Visual Impairment and Eye Diseases in HIV-infected People in the Antiretroviral Therapy (ART) Era in Rakai, Uganda

E. Jian-Yu, Zhengfan Wang, Joseph Ssekasanvu, Beatriz Munoz, Sheila West, James Ludigo, Ronald Gray, Gertrude Nakigozi, Xiangrong Kong

Research output: Contribution to journalArticlepeer-review


Purpose: Antiretroviral therapy reduced infectious eye diseases (EDs) in HIV-infected people. There is limited data on age-related EDs and visual impairment (VI) in people living with HIV. We report prevalence of VI and spectrum of EDs in HIV-infected people in an ART era in Rakai, Uganda. Methods: A philanthropic campaign during 2009–2012 provided ophthalmic services to HIV+ patients in care. Unilateral presenting visual acuity (VA) was assessed by a trained staff in HIV clinics using a 6-m Snellen chart. A slit-lamp examination by an ophthalmologist evaluated eyes with impaired acuity. A retrospective chart review was later conducted retrieving data of patients participating the ophthalmic service. VI was defined referencing WHO’s ICD-11. Ophthalmic diagnosis was summarized by VI level. Logistic regressions estimated demographic associations with cataract diagnosis. Results: 688 HIV+ patients were evaluated, median age was 44 (IQR: 37–50) years, 69% were female. Fifty-one percent were on ART (median duration 4, IQR: 2–5 years). Crude prevalence of moderate/severe VI and blindness were both 2%. The main diagnoses were refractive error (55%), conjunctivitis (18%), cataract (15%), and pterygium (11%). Cataract prevalences were 10%, 12%, and 26% among age groups of 19–34, 35–49, and ≥50 years, respectively. Cataract was found in 73% of the HIV+s with blindness and in 63% of those with moderate/severe VI. Older age and male sex were significantly associated with higher cataract prevalence. Conclusion: VI in HIV+ patients in Rakai was mainly due to refractive error and cataract. Cataract was common in all age groups.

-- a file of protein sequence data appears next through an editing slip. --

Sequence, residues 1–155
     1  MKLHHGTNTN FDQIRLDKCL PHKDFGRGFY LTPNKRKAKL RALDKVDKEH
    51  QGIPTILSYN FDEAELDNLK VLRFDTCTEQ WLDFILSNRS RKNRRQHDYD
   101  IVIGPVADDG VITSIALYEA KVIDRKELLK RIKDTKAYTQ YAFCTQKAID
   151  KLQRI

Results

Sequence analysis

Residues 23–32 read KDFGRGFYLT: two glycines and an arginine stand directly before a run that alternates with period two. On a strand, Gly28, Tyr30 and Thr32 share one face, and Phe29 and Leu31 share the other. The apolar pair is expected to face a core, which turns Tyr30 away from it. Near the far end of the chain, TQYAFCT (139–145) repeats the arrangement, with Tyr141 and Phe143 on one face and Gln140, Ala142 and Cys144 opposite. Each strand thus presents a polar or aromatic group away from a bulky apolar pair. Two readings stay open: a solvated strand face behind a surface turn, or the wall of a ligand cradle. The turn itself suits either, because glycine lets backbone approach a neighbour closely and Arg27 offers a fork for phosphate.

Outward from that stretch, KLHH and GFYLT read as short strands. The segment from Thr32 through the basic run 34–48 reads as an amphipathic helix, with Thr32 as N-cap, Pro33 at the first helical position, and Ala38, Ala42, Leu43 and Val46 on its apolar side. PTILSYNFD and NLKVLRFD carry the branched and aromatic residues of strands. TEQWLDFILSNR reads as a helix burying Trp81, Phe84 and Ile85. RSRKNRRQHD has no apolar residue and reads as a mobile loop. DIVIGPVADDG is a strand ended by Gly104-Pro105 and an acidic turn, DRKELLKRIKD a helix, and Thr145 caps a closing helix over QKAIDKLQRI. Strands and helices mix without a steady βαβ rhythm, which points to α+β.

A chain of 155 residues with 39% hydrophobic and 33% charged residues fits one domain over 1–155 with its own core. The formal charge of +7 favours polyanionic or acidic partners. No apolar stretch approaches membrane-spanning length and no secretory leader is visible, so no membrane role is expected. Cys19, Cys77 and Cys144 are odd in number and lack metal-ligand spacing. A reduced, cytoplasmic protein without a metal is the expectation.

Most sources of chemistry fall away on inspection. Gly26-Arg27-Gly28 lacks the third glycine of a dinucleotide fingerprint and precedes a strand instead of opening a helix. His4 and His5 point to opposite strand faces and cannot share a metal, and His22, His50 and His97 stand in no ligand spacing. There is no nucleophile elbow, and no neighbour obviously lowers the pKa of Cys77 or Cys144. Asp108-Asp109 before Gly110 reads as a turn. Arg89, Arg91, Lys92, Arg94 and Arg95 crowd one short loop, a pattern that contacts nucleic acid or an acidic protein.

Original languageEnglish (US)
Pages (from-to)63-69
Number of pages7
JournalOphthalmic Epidemiology
StatePublished - 2020


  • Africa
  • HIV
  • accelerated aging
  • blindness
  • cataract
  • toxoplasmosis
  • visual impairment

ASJC Scopus subject areas

  • Epidemiology
  • Ophthalmology


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